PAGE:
An Enterprise Service Bus (ESB) may serve as the cornerstone of your Service Oriented Architecture infrastructure, or you may feel an ESB is unnecessary and cumbersome. Many integration projects contain simple requirements and use cases that warrant including an ESB, integration framework, or alternative platform components in the integration solution. Selecting the appropriate solution mix requires integration reference architecture guidelines that include a comprehensive decision matrix. Team members strive to avoid complexity and inefficiency by specifying an optimal platform component mix, defining â€˜the right tool for the jobâ€™, and developing scalable, agile integration solutions.
Do you have clear architecture, solution, and ESB PoC guidelines describing how your organization can wisely select integration infrastructure components and products? Â Successful enterprise architects and solution architects create an integration reference architecture decision framework, ESB use cases, and product selection guidelines containing:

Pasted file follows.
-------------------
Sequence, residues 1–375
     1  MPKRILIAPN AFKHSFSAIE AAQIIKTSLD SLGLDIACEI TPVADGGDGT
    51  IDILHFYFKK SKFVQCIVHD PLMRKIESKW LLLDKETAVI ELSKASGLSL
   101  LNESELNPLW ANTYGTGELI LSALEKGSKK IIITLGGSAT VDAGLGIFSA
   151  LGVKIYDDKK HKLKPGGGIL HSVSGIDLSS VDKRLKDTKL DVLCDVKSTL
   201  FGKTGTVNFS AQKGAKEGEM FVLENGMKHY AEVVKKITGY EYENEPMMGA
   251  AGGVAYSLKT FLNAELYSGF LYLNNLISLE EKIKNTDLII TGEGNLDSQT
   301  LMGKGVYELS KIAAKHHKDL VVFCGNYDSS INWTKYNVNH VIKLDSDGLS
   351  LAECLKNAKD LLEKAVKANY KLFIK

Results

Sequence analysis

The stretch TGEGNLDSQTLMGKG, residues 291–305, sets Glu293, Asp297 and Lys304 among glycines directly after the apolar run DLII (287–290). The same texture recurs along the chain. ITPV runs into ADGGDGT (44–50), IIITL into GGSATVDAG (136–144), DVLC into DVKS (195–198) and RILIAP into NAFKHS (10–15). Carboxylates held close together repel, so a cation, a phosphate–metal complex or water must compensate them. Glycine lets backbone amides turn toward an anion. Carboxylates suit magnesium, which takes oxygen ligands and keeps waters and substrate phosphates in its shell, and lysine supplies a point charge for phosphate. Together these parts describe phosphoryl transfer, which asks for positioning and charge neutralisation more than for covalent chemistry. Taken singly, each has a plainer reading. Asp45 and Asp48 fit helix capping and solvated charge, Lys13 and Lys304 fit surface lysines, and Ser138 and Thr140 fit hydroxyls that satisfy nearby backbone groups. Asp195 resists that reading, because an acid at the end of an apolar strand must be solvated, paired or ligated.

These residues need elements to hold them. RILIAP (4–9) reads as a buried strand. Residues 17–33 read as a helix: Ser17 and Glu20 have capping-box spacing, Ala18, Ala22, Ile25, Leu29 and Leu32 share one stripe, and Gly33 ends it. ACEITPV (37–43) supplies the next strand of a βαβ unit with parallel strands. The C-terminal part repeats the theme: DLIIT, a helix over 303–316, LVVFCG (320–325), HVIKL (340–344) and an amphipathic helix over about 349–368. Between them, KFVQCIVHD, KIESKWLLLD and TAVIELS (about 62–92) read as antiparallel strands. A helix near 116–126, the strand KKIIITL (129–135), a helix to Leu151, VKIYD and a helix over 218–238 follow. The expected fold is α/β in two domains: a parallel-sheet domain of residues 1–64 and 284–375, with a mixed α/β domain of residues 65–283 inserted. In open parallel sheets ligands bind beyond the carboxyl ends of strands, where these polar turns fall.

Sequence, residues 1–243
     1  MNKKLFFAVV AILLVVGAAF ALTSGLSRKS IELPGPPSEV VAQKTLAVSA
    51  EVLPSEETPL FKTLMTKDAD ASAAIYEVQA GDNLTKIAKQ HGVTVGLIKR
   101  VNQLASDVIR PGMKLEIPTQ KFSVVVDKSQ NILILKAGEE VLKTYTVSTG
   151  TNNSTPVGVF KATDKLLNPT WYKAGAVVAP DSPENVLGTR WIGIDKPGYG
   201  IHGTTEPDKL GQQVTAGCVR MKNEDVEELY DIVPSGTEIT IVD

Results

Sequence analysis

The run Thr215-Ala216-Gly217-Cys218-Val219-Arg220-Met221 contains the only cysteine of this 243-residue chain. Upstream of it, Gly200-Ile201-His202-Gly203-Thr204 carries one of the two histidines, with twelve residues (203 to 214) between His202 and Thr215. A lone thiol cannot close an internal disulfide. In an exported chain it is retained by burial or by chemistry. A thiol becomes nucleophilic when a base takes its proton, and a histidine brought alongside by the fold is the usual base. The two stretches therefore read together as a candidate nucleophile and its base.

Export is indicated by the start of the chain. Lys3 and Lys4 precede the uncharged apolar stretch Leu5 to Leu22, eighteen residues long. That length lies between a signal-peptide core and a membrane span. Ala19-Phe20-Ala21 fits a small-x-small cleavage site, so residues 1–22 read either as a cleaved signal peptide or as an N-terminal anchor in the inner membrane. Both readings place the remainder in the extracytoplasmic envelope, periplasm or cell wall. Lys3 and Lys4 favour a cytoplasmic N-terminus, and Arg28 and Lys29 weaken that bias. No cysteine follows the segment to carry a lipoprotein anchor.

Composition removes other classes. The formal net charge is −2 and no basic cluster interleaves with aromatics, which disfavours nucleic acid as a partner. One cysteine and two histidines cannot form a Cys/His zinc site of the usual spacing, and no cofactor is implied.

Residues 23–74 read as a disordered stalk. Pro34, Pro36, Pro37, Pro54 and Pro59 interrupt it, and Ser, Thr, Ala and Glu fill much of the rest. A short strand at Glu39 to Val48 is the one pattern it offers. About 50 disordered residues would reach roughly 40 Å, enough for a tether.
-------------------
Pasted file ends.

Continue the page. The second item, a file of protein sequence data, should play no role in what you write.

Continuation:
- ESB use cases driving integration platform component and integration framework selection.
- Common Request for Proposal (RFP) categories and line items.
- Tools describing when to include an ESB, integration framework, or alternative integration platform components (i.e. Data Services Server, API Manager, Governance Registry).